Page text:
I wanted to blog about one of my favourite Queer Romance films, Latter Days. It was written and directed by C. Jay Cox, and released in 2003.
As you might suspect from the title, one of the main characters is a young Morman man. Aaron is from Idaho, sent to Los Angeles as a missionary. He and his three fellow missionaries move into a small house next door to Christian, an openly gay party boy and aspiring actor.
Writer-director Cox was raised as a Mormon and completed a mission, and he has said that Aaron and Christian represent two aspects of his own history, separated by years and experience. He wondered what these two instances of himself would say to each other if ever they met.
While the film isn’t perfectly crafted, there are some story points that really resonate with me. With a QRM theme this year of us all needing stories, I thought I’d examine three of those story points in a little detail.
Caution: Here be spoilers!
Christian is cynical enough to make a bet that he can seduce one of the Mormons. He is soon very focused on Aaron, the most vulnerable of the four. Christian’s first real chance at seduction comes after a moment in which he himself is vulnerable: he accidentally cuts himself while in the garden, and faints, and Aaron helps him inside and tends the wound (which happens to be on his tanned and shapely derriere).
A partially dressed Christian ends up lying back on his bed, and there is no denying that Aaron is tempted to follow him down there. In fact, even calling it ‘temptation’ is wrong: in his pure-hearted innocence, Aaron is willing to place his faith in his own instincts, which guide him towards what feels to be a wholesome and honest encounter.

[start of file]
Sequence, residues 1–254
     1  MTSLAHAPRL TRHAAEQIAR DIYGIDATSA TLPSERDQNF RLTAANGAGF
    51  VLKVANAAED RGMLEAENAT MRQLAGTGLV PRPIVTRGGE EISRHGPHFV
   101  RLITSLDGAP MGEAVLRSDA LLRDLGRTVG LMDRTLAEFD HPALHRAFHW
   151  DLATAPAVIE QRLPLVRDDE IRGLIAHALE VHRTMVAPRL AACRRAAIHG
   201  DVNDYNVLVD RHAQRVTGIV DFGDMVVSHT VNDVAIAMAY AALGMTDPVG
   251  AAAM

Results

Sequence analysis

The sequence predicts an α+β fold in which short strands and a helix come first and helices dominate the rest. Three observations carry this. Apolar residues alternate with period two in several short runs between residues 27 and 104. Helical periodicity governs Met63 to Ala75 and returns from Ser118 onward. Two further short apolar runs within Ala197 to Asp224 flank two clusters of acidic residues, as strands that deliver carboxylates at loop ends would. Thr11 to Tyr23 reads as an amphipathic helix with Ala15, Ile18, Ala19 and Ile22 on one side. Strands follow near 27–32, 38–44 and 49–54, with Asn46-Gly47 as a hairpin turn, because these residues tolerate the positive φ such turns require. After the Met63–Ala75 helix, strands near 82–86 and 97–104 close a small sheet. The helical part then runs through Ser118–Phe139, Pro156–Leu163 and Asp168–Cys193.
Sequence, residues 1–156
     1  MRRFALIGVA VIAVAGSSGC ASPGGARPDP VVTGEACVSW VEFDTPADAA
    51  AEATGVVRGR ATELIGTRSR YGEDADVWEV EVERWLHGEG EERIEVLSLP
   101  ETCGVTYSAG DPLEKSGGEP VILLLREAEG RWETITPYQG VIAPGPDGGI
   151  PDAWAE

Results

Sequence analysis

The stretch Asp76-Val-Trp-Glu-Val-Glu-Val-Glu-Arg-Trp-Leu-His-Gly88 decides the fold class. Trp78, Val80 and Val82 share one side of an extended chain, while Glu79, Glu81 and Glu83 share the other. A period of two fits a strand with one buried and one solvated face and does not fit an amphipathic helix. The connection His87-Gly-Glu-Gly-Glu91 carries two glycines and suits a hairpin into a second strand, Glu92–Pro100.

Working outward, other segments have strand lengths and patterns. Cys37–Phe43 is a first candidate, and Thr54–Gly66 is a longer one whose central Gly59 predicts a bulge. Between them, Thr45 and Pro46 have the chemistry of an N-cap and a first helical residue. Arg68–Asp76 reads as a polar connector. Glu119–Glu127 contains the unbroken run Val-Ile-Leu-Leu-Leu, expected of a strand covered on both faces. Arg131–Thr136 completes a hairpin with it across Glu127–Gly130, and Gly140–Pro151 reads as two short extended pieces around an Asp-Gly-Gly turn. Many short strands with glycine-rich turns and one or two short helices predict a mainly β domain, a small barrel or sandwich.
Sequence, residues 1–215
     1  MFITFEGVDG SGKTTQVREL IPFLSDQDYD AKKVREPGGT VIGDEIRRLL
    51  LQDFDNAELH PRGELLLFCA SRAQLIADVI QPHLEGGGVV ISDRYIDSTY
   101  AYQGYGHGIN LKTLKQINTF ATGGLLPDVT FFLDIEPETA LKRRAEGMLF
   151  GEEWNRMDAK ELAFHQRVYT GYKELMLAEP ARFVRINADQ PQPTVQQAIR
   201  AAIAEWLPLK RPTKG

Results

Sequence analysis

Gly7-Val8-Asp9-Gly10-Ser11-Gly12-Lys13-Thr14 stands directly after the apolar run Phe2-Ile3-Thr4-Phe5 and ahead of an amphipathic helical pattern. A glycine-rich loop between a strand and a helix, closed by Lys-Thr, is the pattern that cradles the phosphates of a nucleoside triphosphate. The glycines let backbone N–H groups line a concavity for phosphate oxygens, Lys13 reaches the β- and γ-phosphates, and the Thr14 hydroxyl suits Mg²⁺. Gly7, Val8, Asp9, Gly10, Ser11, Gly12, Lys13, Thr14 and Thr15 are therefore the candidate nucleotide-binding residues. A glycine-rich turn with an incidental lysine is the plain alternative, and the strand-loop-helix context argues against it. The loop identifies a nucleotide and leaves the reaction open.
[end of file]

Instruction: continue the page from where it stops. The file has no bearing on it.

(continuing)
Thinking only to encourage him, Christian murmurs the reassurance that sex doesn’t have to mean anything. And that’s when Aaron pulls back, stung and annoyed. Of course it means something! He walks out, and begins building a protective barrier or two.
I love that the innocent Aaron was in tune enough with his instincts to choose sex and the chance for love despite having been taught this was wrong. I also love that Christian – who isn’t emotionally ready to deal honestly with Aaron – is the one to aptly if unwittingly undermine the encounter.
Aaron’s rejection is the first prompt for Christian to start mending his ways, and to learn to properly value life and love. Just think of Darcy brooding over Elizabeth’s retort that he hadn’t behaved as a gentleman would… and then starting to do something about it. I love stories in which love is the prompt and reason for the protagonists to learn and grow – and love is their reward, too.
OK, major spoilers here!
Later, when Aaron and Christian are caught kissing, Aaron is sent home and is excommunicated from the church. His father rejects him, and his mother is unsympathetic. Aaron attempts suicide. And, for a long while, Christian believes this attempt to have been successful.
In shock and in deep mourning, Christian finally grows into humility and wisdom. He becomes quiet to the point where we wonder if he’s been broken by the experience.